An appeal to sanity

by nathan thanki

Yesterday, a large group of civil society–mostly youth–took the voice and anger of the street into the halls of the UN. While it could never have been a true #occupy–COP is inherently segregated into those with badges and those without; those with pink badges and those with yellow–the idea was still to say: enough is enough. You have had 20 years to negotiate a fair, ambitious, legal treaty. You have failed. We pass a vote of no confidence in you, governments of the developed world.

While there aren’t always clear good and bad guys in these negotiations (despite the US and Canada’s best efforts to be the absolute worst), there is a clear divide of North and South. The North has historically exploited the South, and has historically used up it’s share of natural resources and atmospheric space. All at the detriment of the South. All you need to do is see a flow chart diagram of money, trade, and resources to see. The wealth of the world accumulates in Europe, in North America, in Australia and Japan. But they can’t afford to pay for adaptation and mitigation? They tell the poor of the world to do it for themselves. They’ve gotten rich from burning mountains of coal and oceans of oil, but now they refuse to cut their emissions unless the poor take that burden too? Civil society is divided over whether or not this is a fair ask. The calls for “treaty now” are fine – so long as it is a fair treaty. The concern that some NGOs have is that demanding a treaty by 2015 for everyone is asking India and China to write off their hopes of tackling poverty. More than that, because of low ambition and loopholes, it writes off all our hopes of a livable world in the future.

The media, eager to feed the hatred that Europeans and Americans seem to have toward any kind of competitor – India, China, Iran, Brasil etc – are running with the theme: blame the big developing nations. The EU is loving this. They can split G77 unity by appropriating the calls of the island states and LDCs for emissions reductions, and point the finger at India. Some elements of civil society are helping: Avaaz ran an ad in the Financial Times that showed Africa burning, while grim reapers from USA, Canada, Russia and India floated overhead. So the march yesterday was somewhat split. There were back and forth shouts of “treaty now” and “equity now.”

As well as substantive differences, there were also procedural ones. Most of us were ready to get kicked out, to lose our badges, to stay there all night if need be. The whole point was to bring our voice to the door of the plenary. So most of us rejected the idea of moving the protest outside in exchange for no repercussions. Besides, I for one did not believe the UNFCCC secretariat and security. They’d tell you anything, sure. But then voices from within the protest began sowing the seeds of doubt. “You will not be able to come to subsequent COPs.” “You will be arrested by the South African police for trespassing.” The pressure to leave was too great. We weren’t kettled in, so the protest disintegrated until there were a few dozen left, stubborn as mules, to be removed by the guards. We let our protest be appropriated.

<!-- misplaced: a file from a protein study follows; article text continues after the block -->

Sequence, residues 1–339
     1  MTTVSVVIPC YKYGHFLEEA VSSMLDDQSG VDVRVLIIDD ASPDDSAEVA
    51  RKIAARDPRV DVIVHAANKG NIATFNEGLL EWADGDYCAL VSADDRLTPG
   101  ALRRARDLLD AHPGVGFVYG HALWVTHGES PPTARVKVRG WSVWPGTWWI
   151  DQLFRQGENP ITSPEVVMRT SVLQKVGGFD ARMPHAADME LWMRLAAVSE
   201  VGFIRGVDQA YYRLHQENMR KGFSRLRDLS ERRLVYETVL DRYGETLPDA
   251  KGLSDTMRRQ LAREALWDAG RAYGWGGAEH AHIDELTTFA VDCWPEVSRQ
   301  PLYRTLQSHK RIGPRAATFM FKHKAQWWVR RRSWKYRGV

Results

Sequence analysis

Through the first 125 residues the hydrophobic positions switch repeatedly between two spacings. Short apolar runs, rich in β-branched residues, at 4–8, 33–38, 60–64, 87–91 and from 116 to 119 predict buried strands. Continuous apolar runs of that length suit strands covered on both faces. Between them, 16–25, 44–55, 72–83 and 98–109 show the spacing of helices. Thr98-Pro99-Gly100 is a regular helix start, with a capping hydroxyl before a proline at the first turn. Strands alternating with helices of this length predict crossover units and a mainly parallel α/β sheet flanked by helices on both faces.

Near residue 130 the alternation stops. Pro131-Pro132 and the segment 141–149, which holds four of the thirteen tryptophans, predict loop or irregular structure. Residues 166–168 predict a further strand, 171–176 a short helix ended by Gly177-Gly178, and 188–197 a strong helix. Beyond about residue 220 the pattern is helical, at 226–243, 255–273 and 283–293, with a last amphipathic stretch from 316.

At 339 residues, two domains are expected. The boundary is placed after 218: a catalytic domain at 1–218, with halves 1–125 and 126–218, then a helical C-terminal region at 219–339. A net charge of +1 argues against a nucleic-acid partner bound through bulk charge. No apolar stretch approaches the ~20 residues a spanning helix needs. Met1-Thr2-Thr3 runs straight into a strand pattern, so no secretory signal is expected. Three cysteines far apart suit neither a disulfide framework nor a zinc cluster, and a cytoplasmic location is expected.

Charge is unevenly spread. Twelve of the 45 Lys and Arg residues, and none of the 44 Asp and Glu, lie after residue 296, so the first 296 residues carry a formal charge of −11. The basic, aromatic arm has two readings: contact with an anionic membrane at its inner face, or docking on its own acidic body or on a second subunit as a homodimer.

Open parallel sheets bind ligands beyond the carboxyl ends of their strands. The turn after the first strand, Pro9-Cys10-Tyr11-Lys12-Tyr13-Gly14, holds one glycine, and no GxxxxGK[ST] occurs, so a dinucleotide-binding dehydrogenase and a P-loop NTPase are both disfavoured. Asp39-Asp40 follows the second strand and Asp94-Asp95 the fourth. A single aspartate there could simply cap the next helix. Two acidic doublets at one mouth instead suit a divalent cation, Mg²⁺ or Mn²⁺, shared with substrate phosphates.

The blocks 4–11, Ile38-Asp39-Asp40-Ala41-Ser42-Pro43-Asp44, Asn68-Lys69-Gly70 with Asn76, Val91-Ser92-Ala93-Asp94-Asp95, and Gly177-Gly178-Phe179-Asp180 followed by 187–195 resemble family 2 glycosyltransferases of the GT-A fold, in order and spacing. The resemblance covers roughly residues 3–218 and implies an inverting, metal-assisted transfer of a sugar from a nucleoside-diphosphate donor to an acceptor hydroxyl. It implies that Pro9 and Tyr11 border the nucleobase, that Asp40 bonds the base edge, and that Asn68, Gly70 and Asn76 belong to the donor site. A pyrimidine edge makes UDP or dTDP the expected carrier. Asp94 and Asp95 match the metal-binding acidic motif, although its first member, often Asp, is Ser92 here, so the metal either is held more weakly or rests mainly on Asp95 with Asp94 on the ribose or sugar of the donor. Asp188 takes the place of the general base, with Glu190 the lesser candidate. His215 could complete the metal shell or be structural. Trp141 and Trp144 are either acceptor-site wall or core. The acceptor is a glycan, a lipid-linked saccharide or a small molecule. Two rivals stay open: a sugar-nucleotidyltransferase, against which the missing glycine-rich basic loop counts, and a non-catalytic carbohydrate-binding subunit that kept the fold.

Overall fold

The same must not happen to our message. I understand that the Avaaz blunder is causing them some grief, but it was only an expression of an idea that seems to be gaining ground among civil soceity – that the blockers should be blamed and shamed. But, wouldn’t you block a suicide pact? It is better to frame it like this: who does a block actually benefit? Not China, not India, but the developed nations. Europe and the States, Australia, New Zealand and Japan. If it all falls to pieces, then hey presto – they don’t have to live up to their promises, and they don’t have to fulfill their responsibility. If it goes through as it stands, then it’s curtains for ambition, it’s curtains for AWG-LCA, and it’s curtains for the planet. The islands will sink, Africa will burn, the political status quo will remain. We can’t let our planet be taken hostage by the greedy, just like we can’t let our democracy be taken hostage by the greedy. Greed is the right term. Notice how the only thing the rich countries want to share with the poor is the responsibility to reduce emissions. They do not want to share their wealth, their technology, their patented intellectual property.

We should not help perpetuate the lies of the rich and powerful.

I implore activists and others engaging in the struggle to think.  Think about who you represent and how. When you find yourself talking about urgency in the negotiations, ask; where are we urgently going, and who gets hurt aslong the way? Who suffers from a “better than nothing” EU deal? Think about who has already suffered from climate change. Think about who has already acted to stop it. Then think about who the real blockers are. Please consider the true grassroots. The millions living in poverty in India, China, Brazil. Are you seriously going to condemn them to death? Or are you going to stand with them against the real polluters?

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